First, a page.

Pancreatic Cancer Diagnosis

If you are experiencing symptoms of pancreatic cancer, our team will ask about your health history, your family’s history of cancer and risk factors. We may perform diagnostic tests to help determine if you have pancreatic cancer. A diagnosis is often determined through a combination of imaging tests and tissue sampling (biopsy) by our experts in the Departments of Radiology and Pathology. Diagnostic tests may include the following, though most patients will not require all tests:

  • Computed tomography (CT or CAT) scan: This lets doctors see inside your body using a combination of X-rays and software to create images of your organs, bones and other soft tissues.
  • Magnetic resonance imaging (MRI) and/or Magnetic resonance cholangiopancreatography (MRCP): The MRI test uses magnets and radio waves to create detailed images of your pancreas and nearby organs. The MRCP test creates detailed pictures of the bile ducts and is a lot like an ERCP, but it uses an MRI instead of an endoscope or contrast dye. MRCP can show both the bile ducts and the pancreatic duct without the need to insert a scope. In this setting, MRIs are always obtained with MRCPs.
  • Positron emission tomography (PET scan): For this test, a radioactive sugar is put into your blood through a vein in your arm or hand. Over time, the radioactive sugar collects in very active cells, like cancer cells. A special camera is then used to make pictures that show where the radioactive sugar collects.
  • Endoscopic ultrasound (EUS): This is an endoscopic procedure that examines the lining and walls of the upper and lower gastrointestinal tract by combining endoscopy and high frequency ultrasound.
  • Pancreatic biopsy: This is a procedure in which a sample of pancreatic tissue is removed (with a needle or during surgery), and a doctor who specializes in looking at cells (a pathologist) looks at the samples under a microscope to see if they contain cancer. This is usually the only way to be sure that a person has pancreatic cancer. A biopsy is often done if an imaging test shows something in your pancreas that looks like it might be cancer. It is typically done with an EUS, described above.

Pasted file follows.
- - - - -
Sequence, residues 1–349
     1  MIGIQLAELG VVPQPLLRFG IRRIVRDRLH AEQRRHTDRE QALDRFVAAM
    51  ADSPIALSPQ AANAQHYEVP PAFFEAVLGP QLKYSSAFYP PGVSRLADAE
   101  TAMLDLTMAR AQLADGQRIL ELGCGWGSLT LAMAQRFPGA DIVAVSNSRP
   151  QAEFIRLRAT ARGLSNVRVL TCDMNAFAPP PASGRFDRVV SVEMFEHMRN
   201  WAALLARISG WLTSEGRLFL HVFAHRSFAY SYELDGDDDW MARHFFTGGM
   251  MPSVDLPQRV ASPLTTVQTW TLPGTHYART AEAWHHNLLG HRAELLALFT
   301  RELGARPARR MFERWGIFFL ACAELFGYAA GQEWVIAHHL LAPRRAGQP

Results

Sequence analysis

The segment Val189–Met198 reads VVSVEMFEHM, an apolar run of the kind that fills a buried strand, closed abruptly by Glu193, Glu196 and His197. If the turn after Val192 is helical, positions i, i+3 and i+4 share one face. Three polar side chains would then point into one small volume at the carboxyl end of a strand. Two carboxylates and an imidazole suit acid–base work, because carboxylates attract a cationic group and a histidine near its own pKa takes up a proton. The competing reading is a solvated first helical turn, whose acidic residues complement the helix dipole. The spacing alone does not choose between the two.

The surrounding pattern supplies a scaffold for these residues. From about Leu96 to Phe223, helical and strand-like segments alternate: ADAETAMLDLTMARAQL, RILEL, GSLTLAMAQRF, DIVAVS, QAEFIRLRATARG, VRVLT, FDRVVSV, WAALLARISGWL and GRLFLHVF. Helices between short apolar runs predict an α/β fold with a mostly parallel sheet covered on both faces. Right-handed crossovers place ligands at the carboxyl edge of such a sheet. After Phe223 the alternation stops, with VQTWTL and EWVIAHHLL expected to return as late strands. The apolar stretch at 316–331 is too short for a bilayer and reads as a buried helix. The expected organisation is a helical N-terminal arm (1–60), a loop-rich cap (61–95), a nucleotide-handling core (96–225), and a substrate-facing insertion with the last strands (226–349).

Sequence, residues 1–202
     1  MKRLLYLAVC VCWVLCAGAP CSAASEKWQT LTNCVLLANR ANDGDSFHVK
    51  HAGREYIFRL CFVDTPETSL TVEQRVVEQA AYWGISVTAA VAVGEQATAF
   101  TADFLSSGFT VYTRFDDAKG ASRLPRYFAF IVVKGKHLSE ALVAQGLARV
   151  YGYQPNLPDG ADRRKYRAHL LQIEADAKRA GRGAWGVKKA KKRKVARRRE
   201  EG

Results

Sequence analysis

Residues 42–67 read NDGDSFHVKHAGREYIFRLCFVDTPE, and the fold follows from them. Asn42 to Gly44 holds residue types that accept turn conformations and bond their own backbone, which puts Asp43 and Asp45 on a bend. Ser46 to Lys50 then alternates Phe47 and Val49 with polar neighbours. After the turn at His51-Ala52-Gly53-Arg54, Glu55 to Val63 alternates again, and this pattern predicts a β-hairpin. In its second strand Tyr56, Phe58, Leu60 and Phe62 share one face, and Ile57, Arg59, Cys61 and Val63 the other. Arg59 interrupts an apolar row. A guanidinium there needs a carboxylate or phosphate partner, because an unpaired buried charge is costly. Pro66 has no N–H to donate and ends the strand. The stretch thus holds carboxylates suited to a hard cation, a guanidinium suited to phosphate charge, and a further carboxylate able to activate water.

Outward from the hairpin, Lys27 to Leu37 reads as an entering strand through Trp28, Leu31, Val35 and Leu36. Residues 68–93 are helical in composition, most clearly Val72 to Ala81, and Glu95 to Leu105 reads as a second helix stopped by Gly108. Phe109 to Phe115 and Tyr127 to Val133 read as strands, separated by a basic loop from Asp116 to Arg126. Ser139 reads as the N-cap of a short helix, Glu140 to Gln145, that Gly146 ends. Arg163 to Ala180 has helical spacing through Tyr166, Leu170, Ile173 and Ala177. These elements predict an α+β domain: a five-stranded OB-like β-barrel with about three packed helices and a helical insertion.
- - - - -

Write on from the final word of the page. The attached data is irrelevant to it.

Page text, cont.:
• Endoscopic retrograde cholangiopancreatography (ERCP): This is a procedure that combines the use of a flexible, lighted scope (endoscope) with X-ray pictures to examine the tubes that drain the liver, gallbladder and pancreas. It is one of the best ways to find bile duct cancer that is close to the pancreas. Medicines are used to put you into a light sleep during this test. An endoscope is inserted through the mouth and gently moved down the throat into the esophagus, stomach and duodenum (part of the small intestine) until it reaches the point where the ducts from the pancreas (pancreatic ducts) and gallbladder (bile ducts) drain into the duodenum. The scope puts dye in the common bile duct, and the dye shows up on X-rays and can help show blockages or narrowing of the ducts.
  • Percutaneous transhepatic cholangiography (PTC): This is a type of X-ray of the bile duct. The ducts are reached by passing a thin needle through the skin on the right side of your belly and into your liver. Dye is injected and highlights blockages in bile ducts, which can then be seen on an X-ray. If a blocked bile duct is seen, your care team may take a biopsy and check it for cancer.
  • Chest X-ray: This is an X-ray of the organs and bones inside the chest.
  • Special blood tests: These look for signs of pancreatic cancer, but they can’t diagnose pancreatic cancer on their own. Tests may include liver function tests (LFTs) and CA19-9 (tumor marker) tests.

Learn more about diagnostic tests and our center’s overall diagnosis process.

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